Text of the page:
I hereby nominate NBC President Robert Wright official spokesman of the cellular telephone industry. That’s right, the same Bob Wright who warned lawmakers on the Senate Commerce Committee last week the equivalent of `The Russians are coming! The Russians are coming!’

“If you auction off spectrum in the top 25 markets, it will go cellular,” Wright warned.

So what. That’s what free-market advocates who rule Capitol Hill say is supposed to happen. If folks out there with big bucks believe the masses want digital TV, let them buy a broadcast license or two at an auction.

What Wright said is, given the choice, the high rollers will opt for a pocket telephone license over a digital TV license. Maybe there’s a good reason for that, like consumer demand.

I’m not so sure it’s there for digital TV. Not every TV broadcaster is necessarily hot for digital, especially ones in smaller markets.

Wright was upset about a plan pushed by Senate Commerce Committee Chairman Larry Pressler, R-S.D. and Ted Stevens, R-Alaska, that would auction digital TV licenses in the 25 biggest cities to raise $14 billion from spectrum auctions over the next seven years. That is what the budget resolution passed in June by the GOP-led Congress requires in order to zero out the deficit by 2002.

Wright said broadcasters need the second channel (six megahertz) to help them make the transition from analog to digital TV. And he promises TV station licensees will gladly return the extra channel 10 or 15 years from now. You’ve got my word on it.

Up-front auctions will doom digital TV development in the United States, broadcasters say. They warn, too, of a dark, evil force just waiting to swallow up digital TV channels.

Hurry! Run for your life! AT&T Corp., Sprint Corp. and Baby Bells armed with pocket telephones are trying to take over the airwaves!

Truth is, they can’t. There are rules that cap the commercial wireless spectrum a firm can hold in any one market at 45 megahertz.

The cellular industry entered the fray because it believes that if broadcast spectrum is not sold, the $14 billion will not be generated and lawmakers will resort to levying spectrum fees on the entire telecommunications industry. If the wireless industry must pay for digital spectrum, so should broadcasters, according to the cellular lobby.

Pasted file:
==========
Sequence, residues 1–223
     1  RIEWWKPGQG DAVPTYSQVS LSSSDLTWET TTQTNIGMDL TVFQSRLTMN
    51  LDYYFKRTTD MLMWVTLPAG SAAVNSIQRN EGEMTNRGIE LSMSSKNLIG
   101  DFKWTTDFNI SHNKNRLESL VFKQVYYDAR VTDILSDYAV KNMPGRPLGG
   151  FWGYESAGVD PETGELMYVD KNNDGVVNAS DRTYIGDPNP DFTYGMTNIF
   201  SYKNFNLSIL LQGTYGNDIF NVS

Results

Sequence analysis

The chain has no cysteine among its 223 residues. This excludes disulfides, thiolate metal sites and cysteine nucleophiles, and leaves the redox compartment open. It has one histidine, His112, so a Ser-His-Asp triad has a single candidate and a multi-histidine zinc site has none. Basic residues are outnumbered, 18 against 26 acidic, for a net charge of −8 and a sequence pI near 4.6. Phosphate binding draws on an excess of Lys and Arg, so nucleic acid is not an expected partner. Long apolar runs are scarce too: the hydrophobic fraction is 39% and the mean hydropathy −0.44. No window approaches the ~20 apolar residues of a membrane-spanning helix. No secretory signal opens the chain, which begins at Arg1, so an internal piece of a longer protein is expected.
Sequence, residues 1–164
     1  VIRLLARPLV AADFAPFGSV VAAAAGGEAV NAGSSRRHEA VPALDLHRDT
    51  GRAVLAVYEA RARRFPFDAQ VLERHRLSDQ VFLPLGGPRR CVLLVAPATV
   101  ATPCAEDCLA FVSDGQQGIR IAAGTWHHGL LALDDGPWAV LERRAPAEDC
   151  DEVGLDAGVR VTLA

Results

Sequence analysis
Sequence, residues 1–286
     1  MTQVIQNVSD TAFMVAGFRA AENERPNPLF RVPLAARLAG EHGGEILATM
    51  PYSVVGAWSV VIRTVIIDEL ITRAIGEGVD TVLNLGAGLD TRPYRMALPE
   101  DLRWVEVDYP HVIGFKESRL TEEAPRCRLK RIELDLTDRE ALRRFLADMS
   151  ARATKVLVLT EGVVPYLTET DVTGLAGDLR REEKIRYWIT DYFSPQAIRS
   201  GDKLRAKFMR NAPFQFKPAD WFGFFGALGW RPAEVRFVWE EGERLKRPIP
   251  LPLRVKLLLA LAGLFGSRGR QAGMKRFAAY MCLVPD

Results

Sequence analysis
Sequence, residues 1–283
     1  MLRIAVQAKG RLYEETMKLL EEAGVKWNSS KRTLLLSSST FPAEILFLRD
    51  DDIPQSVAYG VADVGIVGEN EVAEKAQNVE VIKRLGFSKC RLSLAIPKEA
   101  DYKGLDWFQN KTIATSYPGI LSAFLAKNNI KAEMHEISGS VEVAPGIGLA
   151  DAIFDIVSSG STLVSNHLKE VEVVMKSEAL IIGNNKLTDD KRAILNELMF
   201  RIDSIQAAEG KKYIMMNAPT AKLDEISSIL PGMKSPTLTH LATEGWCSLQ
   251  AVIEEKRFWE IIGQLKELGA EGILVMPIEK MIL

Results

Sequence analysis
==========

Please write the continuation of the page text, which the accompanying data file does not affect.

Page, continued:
Maybe so, but it’s also true cellular carriers can make the transition from analog to digital technology without shutting down operations. Without a second channel, TV stations would have to go dark before converting to digital. And everyone’s TV set would be obsolete in short order.

There is added concern that on top of getting spectrum for free, broadcasters will be given flexibility to offer competing wireless services, like paging.

It was all fine drama, the Senate hearing, worthy of the Emmys NBC captured last week. In other words, good entertainment. It’s highly unlikely digital TV channels will be auctioned. The House found $14 billion without putting digital TV licenses on the auction block.

A more fundamental point was raised by Sen. Ernest Hollings, D-S.C., who attacked Republicans for allowing budget policy to shape telecommunications policy. Not only that, he thinks the GOP budget is a sham.

“This is a fraudulent budget,” said Hollings. “It’s totally unrealistic. They can’t get these monies.”

Maybe there should be truth-in-budgeting law.


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